The Rev. Dr. Elwyn Lewis, who so kindly presided a the piano, is known to many as the "Cyclist Bishop," for during the summer months he throws open his beautiful grounds at the Rectory and provides tea for the fatigued and dust wheelmen—and women—who are allowed to stroll about at their heart's content, and are invited to listen to a very short dissertation and an organ recital in the little church before starting on their homeward journey, thus making his guests depart feeling brighter and happier men and women for the break in their journey to Essex and back. Mr. Henry Sinclaire deserved all the praise that was bestowed upon him for so charming the time away with his delightful voice ; and in thanking these two gentlemen for all they did, I also want to thank my co-workers in the organization and management of the whole entertainment. Everyone worked with a will from the start to finish, and it was truly gratifying to feel that is was a success.

The BCM, Jan. 1903 supplemented Rhoda Bowles' reporting with:

     A highly successful exhibition of Living Chess was given at the Borough Road Polytechnic, London, on Saturday, November 29th. The proceedings were started by young men of the gymnasium, who to military drill plaited the board with alternate strips of crimson and white material, the performance being very creditable to Mr. Davis, the gymnasium instructor. While the living pieces were assembling, the audience were entertained by Mr. Sinclair with some excellent songs. This gentleman is a new tenor, possessing a voice remarkable for its purity and power and with a rendering conspicuously artistic. This was followed by the entrance of the living pieces, who advanced one at a time on either side of the board to their respective places, being accompanied by appropriate selections on the pianoforte by Dr. Elwyn Lewis, hon. sec. Kent County Chess Association. The costumes and mounting of the pieces were highly creditable to Messrs. C & W. May, who supervised this part of the arrangements. Particularly conspicuous were the two Queens. Mrs. H. N. Pillsbury represented the Black Queen in crimson velvet and gold, and Mrs. Rhoda A. Bowles the White Queen resplendent in silver and gold. The two Kings, Messrs. Chubb and Purcell, looked as if they had stepped out of the Hampton Court pictures; and the heralds, Messrs. Cornwall and Greenwell, whose duty it was to announce the moves and see to the movement of the pieces on the board, acted their parts to the life; indeed, all the pieces that took part—Bishops, Knights, Rooks, and Pawns—were charmingly complete in every detail, and acted their parts with grace and precision.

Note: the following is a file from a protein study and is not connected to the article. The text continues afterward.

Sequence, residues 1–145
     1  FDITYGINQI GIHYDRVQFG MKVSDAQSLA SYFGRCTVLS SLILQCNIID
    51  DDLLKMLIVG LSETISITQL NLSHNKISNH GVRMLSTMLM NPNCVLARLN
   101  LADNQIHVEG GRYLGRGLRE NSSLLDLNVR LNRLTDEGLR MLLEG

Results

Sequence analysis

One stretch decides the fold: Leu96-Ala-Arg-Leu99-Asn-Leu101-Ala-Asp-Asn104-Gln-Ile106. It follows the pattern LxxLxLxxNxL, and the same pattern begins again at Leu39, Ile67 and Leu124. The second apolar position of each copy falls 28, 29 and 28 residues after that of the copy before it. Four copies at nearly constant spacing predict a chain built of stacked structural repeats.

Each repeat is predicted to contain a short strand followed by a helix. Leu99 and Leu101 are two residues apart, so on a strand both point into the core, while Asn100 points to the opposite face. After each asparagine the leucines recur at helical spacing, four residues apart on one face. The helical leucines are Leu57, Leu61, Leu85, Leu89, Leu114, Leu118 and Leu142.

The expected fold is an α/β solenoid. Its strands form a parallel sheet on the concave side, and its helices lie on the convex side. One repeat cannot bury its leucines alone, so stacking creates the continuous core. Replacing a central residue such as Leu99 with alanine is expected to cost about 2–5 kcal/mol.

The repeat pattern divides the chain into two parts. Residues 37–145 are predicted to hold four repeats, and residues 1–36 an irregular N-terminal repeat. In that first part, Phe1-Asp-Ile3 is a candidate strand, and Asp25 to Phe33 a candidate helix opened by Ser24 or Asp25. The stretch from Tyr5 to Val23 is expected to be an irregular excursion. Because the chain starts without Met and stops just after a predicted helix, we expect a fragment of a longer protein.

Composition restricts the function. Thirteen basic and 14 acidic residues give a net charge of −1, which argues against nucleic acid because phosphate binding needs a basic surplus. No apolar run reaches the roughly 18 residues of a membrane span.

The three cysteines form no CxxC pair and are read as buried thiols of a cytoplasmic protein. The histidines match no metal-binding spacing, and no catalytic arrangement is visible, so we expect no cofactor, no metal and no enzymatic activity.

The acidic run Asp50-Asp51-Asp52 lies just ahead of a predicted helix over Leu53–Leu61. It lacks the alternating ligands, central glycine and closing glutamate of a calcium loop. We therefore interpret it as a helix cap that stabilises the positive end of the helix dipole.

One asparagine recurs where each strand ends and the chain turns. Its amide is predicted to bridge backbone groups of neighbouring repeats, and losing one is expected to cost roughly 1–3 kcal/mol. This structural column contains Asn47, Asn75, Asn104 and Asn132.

The game was played between Mr. H. N. Pillsbury, the famous American champion, and Mr. H. L. Bowles, president of the B.P.C.C. Contrary to the usual course in such exhibitions, the game was not prearranged, the players having decided that it should be an original game over the board. The sequel shewed their judgment was fully justified, as an extremely lively game resulted, which gave many remarkably pretty situations, and apart from a spectacular point of view, proved to be a notable game of chess, particularly having regard to the rapidity of the play and the conditions under which the game was conducted, the rate of play being about sixty moves per hour for each player.     The proceedings closed with the setting-up of a two-move problem specially composed by Mr. H. N. Pillsbury, and ten minutes were allowed to the audience to find the solution, it being announced that the author of the first correct solution opened would be awarded a pocket chess board as a prize, and the fortunate winner proved to be a young son of Mr. Gunsberg, the chess master.    
     Altogether the Exhibition was a great success, and reflected great credit upon the organizers, who worked very hard, particularly Mrs. Rhoda Bowles, Miss Helen Smith (lady superintendent B.P.), Miss May, and Messrs. Richardson, Chubb, and Moody.